What is often kept hidden from consumers is the actual portion of profit that is contributed to the cause it’s meant to support. As for pride campaigns, J.Crew donates 50 percent of the purchase price of its pride T-shirts, but H&M only donates 10 percent of the sales from its “Pride Out Loud” collection. In the cases of both breast cancer and LGBTQ+ oppression, awareness isn’t enough on it’s own.  

It’s important to be aware of the companies and brands that do actively show support for the LGBTQ+ population year round. Newsweek recently highlighted a selection of brands engaged in productive campaigns this year. TOMS, for example, has launched a Unity Collection that includes the classic loafer and sunglasses with designs and slogans such as “Human” and “Love,” and as a part of TOMS ongoing mission, they will provide free shoes and eye care to homeless youth, almost half of which identify as part of the LGBTQ+ community. Levi’s, a long-time supporter of LGBTQ+ equality, is donating 100% of the profits from their Pride capsule collection to OutRight Action International, a foundation that campaigns for LGBTQ+ rights internationally.

It is true that Pride Month has perhaps moved further away from its commemorative origins. However, this has made it much easier for brands to commercialize the tradition, as it often feels more acceptable to commodify a celebration than a political event. Brands started to realize that capitalizing off of a political movement such as LGBTQ+ equality was simply smart business. Marketing techniques evolve as the market does, and by targeting a millennial audience, businesses could ensure that their products would meet the standard of modern, conscious consumption.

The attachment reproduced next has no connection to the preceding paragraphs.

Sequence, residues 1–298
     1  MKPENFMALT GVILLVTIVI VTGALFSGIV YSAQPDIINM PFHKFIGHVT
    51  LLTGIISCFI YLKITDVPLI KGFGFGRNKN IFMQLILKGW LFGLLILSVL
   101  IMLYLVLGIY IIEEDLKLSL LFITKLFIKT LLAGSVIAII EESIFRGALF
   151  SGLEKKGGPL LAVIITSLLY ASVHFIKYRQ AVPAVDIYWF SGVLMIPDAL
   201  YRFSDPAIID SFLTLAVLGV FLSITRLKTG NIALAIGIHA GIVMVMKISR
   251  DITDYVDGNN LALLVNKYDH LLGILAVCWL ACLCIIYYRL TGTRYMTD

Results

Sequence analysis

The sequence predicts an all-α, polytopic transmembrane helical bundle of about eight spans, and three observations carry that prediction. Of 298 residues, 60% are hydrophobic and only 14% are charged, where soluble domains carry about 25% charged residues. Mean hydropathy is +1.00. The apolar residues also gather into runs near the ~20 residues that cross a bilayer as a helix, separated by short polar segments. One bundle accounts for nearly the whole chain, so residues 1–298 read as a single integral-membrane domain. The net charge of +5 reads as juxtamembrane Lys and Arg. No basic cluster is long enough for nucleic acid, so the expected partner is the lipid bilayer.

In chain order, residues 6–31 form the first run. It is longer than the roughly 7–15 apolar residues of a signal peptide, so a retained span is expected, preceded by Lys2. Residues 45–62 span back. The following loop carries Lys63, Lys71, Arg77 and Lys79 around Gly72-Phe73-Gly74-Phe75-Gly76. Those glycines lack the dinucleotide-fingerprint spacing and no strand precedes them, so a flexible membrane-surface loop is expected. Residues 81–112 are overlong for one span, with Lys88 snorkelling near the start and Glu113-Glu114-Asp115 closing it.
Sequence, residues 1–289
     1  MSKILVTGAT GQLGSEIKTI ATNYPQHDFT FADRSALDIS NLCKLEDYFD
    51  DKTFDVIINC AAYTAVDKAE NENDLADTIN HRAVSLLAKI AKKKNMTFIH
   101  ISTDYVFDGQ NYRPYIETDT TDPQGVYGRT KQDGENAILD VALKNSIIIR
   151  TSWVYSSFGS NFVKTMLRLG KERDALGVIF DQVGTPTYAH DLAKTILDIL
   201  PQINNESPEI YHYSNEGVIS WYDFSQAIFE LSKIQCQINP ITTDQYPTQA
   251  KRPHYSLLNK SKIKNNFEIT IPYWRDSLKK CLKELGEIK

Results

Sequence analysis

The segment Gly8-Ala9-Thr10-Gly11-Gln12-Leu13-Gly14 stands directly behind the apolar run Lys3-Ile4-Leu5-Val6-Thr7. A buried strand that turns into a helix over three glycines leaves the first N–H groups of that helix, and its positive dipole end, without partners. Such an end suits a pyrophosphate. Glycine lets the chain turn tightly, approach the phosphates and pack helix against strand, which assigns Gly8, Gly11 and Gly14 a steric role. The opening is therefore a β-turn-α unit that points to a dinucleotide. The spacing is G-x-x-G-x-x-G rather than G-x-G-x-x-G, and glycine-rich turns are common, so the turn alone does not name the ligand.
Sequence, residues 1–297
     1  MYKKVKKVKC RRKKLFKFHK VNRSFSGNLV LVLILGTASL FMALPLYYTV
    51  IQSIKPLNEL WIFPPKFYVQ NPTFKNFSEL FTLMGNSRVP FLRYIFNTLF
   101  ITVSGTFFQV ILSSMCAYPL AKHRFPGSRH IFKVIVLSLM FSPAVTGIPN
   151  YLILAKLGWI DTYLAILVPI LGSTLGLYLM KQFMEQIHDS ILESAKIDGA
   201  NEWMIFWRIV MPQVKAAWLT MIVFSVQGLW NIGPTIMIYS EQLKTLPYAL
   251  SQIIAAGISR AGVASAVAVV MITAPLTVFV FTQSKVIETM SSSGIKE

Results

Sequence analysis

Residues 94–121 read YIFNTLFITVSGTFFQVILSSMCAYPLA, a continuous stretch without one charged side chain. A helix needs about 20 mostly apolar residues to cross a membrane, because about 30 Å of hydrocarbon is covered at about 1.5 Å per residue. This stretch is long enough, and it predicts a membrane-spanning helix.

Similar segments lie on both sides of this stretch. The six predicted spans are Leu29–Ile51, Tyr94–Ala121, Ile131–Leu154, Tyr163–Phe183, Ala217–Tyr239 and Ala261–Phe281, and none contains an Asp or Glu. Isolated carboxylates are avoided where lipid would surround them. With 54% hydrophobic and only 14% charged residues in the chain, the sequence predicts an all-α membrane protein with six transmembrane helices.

However, even among the extravagant parades and celebrations that are only possible because of the progress that has been made, the fiery political roots of the movement still hold true. More so now than in previous years, the focus of Pride is being redirected to where it began: commemorating those brave individuals who kick-started a gay liberation movement. These exploitative marketing techniques and superficial forms of support can’t pass for true pro-LGBTQ+ activism, and as consumers, it’s our responsibility to urge businesses to put their money, action, and support where their mouths are.   





Lauren ChamplinComment